A Common Stream
Reporter Austin Dilley learns the value of SDA after speaking to alumni who returned to campus to paint tiles for the new building.
April 7, 2017
The destruction of senior court was for some a melancholy signal of the ushering in of a new generation of the Academy and for others it was just another cog on the wheel of time, an inevitable inconvenience of success and modernization. However, for senior Kelly Luong, a current member of the art leadership class, a course which puts students in mentorship with a teacher to help promote the arts across campus, saw it as a chance to “keep the culture of San Dieguito alive by tying us in with our past, our alumni.”.
Hundreds of tiles and nearly a decade of SDA history was lost when senior court was torn down to make room for the new science and math building. Luong hoped to give back to those students who lost their mark on the campus and let them paint a new set of tile that would serve to help give life to the new building that she viewed as an uglier replacement for senior court.
Her event started as mainly targeting the classes whose senior tiles were lost during the construction, mainly 2006-2010; however the event ended up seeing a much larger turnout with students as far back as the 70s and more recent alums bringing their young kids who they hoped one day would attend the same school as them. Luong wanted to create a physical representation of SDA and its prolonged and lasting effects on its students, a current, from the past to know.
The idea came to her while reading one of the books from the Percy Jackson series: “I came across the part about the river Lethe, that when you drink it you are reborn and your memories are wiped away and I thought that could be a really cool image if we did a river of memories but since it’s embedded into the wall it could never be forgotten.” The tiles will take the shape of a river representing a common current between the past alumni and the students of today.
Speaking to some of the alumni who were painting they’re new tiles, it quickly becomes apparent how impossible it could be to ever forget SDA and its effect it has on its students. One of the students from the very first graduating class of the Academy in 2000, Steve Straw, proudly reminisced about being the first student ever suspended from the Academy and switching places with the principal as a reward for a school fundraiser.
As I spoke with him about his memories of this school and his four years here it was obvious the profound affect this place had on him. Even now nearly 20 years on, his eyes lit up with a youthful joy when he spoke about his memories of his time here at SDA. Yet despite his fond memories he still wouldn’t want to relive those days. “The four years I had here where the best of my life, they made me who I am today, yet, I would never want to redo them.”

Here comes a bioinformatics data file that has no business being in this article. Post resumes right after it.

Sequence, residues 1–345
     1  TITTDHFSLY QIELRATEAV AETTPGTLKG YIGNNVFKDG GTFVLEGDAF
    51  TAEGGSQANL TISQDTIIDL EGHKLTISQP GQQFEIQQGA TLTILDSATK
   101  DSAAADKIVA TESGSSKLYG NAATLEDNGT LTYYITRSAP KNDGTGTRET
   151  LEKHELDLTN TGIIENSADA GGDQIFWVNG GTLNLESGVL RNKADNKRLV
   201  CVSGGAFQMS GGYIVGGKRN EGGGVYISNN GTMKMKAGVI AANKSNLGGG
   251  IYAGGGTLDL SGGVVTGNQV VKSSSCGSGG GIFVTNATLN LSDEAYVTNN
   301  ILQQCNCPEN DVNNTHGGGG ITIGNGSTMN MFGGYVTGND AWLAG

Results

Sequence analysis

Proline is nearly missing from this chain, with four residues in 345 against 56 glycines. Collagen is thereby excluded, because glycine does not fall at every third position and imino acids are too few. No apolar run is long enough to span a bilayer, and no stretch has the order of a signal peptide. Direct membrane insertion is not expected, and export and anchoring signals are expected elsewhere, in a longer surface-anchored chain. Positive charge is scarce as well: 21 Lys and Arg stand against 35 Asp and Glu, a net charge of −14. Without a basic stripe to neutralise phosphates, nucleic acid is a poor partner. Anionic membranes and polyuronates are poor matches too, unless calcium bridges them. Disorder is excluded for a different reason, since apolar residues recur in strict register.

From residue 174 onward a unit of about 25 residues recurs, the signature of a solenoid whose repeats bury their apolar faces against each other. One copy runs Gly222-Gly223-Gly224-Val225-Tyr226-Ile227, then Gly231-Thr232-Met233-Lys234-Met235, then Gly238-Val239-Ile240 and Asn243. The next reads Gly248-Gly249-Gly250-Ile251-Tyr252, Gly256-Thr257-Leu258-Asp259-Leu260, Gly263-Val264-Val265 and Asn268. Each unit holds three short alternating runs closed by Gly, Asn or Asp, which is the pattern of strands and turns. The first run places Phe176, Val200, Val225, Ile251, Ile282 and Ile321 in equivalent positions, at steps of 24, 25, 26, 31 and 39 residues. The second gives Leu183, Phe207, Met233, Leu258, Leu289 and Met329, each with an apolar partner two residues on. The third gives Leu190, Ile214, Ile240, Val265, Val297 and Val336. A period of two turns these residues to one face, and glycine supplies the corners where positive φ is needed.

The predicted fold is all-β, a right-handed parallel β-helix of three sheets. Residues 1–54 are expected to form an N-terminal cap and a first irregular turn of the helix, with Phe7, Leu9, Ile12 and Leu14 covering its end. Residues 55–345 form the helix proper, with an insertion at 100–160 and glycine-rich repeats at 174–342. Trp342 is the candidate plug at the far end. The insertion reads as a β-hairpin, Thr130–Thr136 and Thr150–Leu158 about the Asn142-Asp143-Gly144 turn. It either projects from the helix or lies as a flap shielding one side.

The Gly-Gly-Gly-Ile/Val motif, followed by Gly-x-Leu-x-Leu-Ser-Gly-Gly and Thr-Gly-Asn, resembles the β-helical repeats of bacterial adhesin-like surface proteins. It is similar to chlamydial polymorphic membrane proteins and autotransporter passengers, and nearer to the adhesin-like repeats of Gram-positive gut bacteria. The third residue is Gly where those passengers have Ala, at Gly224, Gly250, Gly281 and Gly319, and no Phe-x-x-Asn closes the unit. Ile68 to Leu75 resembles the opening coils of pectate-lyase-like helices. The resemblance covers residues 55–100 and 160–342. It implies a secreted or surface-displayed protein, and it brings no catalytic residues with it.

That seemed to be a common thread amongst all the alums I spoke to. That SDA had truly become an extremely impactful part of their life. For Gidgett Sschultz, class of 2007, SDA was the school where “the artsy kids were allowed to be cool.”
There did seem to be one common theme about the memories of the alums time here: it was the teachers. For Straw it was memories of Tim Roberts’s freshman English class where he would play an MTV recording of the Beastie Boys singing “Sabotage” and analyzing the lyrics as if it were a Shakespearean sonnet.
For Schultz it was memories of doing a synchronized dance routine to “Me and My Shadow” with Bryan Scott, a now retired history teacher. SDA spirit comes from “teachers who actually care about their students and are passionate about their jobs,” Schultz said.
When I asked Schultz’s table, all 2007 graduates, if the teachers were the heart of soul of the SDA environment, I was met with a unanimous “yes” and a chorus of “definitely.” Every alumni I talked to shared that theme that the teachers are what make SDA, that their time and dedication are what keeps the spirit, the current, of SDA always fresh and always flowing upstream.
Luong set out to create a tangible representation of SDA culture, a stream that connects our past with our present, an ever-changing student body that has one thing it can rely on: passionate and inspiring teachers. Yet, she created something much greater than that. She not only managed to create a beautiful physical representation of the SDA culture and history, she managed to also create a link between past and future members of our school.
Reminiscing on my own four years and my fears for the future of SDA, I can’t help but be comforted by the words of Schultz, the bubbly, still passionate, San Dieguito alumna who graduated nearly a decade ago: “Enjoy and savor every moment. There is no other place in the world like this. Still 10 years on I still feel like here is my home.”
That is what makes SDA so special, that there is nowhere else in the world quite like it.